Expert Comment: New SEC rule requiring disclosure of cyber-incident within 4 days
Reaching out as you may have seen in the news that the U.S. Security and Exchange Commission (SEC) have released new rules that require publicly traded companies in the US to report a “material” cyber-incident within 4 days.
Joseph Carson from Delinea has commented on this new ruling and whether it is realistic when organisations main priority and focus during an attack is retaining control not determining any “material” impact.
The latest U.S. Security and Exchange Commission (SEC) ruling will cause shock waves for publicly traded companies and their legal teams trying to assess how they can quantify and measure a “material” impact to their finances within 4 days of a cyberattack.
Typically, within 4 days, organisations would be in the midst of trying to retain control over their systems from unauthorised access, rather than having to also try and determine any “material” impact to their finances.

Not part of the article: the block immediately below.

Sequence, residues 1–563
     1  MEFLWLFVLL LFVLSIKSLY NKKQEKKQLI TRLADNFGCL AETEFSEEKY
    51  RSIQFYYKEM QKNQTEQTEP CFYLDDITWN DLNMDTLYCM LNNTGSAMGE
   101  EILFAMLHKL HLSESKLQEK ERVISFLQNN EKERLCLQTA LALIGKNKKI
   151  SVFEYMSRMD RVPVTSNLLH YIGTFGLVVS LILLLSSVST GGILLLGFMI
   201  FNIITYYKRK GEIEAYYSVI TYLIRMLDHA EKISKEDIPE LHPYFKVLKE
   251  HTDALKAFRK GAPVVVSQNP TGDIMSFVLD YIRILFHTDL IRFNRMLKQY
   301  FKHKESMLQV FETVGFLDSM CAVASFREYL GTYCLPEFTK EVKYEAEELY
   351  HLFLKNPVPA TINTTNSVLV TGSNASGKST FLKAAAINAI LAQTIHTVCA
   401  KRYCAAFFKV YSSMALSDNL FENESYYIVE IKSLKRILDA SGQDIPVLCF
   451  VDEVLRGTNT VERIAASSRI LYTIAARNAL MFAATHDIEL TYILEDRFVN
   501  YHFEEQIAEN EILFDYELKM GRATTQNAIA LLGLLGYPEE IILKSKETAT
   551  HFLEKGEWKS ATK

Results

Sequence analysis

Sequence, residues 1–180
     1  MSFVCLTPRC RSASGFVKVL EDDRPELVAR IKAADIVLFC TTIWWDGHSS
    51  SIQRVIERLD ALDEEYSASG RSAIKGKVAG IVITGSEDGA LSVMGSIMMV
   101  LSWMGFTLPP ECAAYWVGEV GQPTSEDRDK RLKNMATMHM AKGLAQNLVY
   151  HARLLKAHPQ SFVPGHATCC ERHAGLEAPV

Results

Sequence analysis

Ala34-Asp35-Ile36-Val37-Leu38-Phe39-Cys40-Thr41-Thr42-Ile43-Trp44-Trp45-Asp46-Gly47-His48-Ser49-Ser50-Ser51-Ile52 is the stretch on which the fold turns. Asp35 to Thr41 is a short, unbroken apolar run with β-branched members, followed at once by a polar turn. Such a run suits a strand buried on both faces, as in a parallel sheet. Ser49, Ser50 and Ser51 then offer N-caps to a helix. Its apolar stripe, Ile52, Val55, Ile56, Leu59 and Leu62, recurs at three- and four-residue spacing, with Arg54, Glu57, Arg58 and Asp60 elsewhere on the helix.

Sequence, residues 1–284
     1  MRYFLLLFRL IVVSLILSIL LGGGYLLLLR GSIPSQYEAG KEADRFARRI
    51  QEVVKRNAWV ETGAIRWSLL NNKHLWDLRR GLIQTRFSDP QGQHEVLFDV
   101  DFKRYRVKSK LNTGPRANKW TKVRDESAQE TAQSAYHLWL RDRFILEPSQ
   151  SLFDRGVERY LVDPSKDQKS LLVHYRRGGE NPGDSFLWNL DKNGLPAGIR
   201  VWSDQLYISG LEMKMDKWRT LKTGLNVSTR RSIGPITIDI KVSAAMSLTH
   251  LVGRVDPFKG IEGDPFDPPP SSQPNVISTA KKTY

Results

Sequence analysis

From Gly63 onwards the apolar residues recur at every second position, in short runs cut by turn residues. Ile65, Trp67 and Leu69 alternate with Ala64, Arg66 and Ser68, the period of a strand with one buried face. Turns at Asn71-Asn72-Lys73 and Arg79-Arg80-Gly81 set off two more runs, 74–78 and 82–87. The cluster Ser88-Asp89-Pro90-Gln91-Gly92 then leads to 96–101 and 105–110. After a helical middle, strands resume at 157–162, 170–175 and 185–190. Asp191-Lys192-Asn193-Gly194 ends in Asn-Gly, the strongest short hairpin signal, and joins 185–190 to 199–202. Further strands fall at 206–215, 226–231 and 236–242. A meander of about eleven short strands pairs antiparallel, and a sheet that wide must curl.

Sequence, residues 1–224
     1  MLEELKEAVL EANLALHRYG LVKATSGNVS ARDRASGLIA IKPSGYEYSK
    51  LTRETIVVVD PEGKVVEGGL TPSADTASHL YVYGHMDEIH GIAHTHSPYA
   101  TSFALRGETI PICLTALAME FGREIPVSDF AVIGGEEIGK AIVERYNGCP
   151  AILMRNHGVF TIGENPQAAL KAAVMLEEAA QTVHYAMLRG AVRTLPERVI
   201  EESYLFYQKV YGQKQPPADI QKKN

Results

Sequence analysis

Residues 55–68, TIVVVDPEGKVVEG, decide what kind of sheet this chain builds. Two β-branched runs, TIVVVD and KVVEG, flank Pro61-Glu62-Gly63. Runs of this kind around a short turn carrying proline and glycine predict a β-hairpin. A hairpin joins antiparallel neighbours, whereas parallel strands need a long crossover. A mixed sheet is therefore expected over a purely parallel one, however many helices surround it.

Most cyber-attacks have a cost but the big question in incident response will now be how to evaluate “material” impact of an incident in such a small timeframe.
The real impact of the SEC ruling is now the need for Incident Response teams to have a significant investment to ensure they can meet this new cyber-attack disclosure requirement.
A major issue is that not all cyber-attacks are equal, and the question and focus on “material” can result in many different assumptions such as data theft and how to quantify the “material” impact.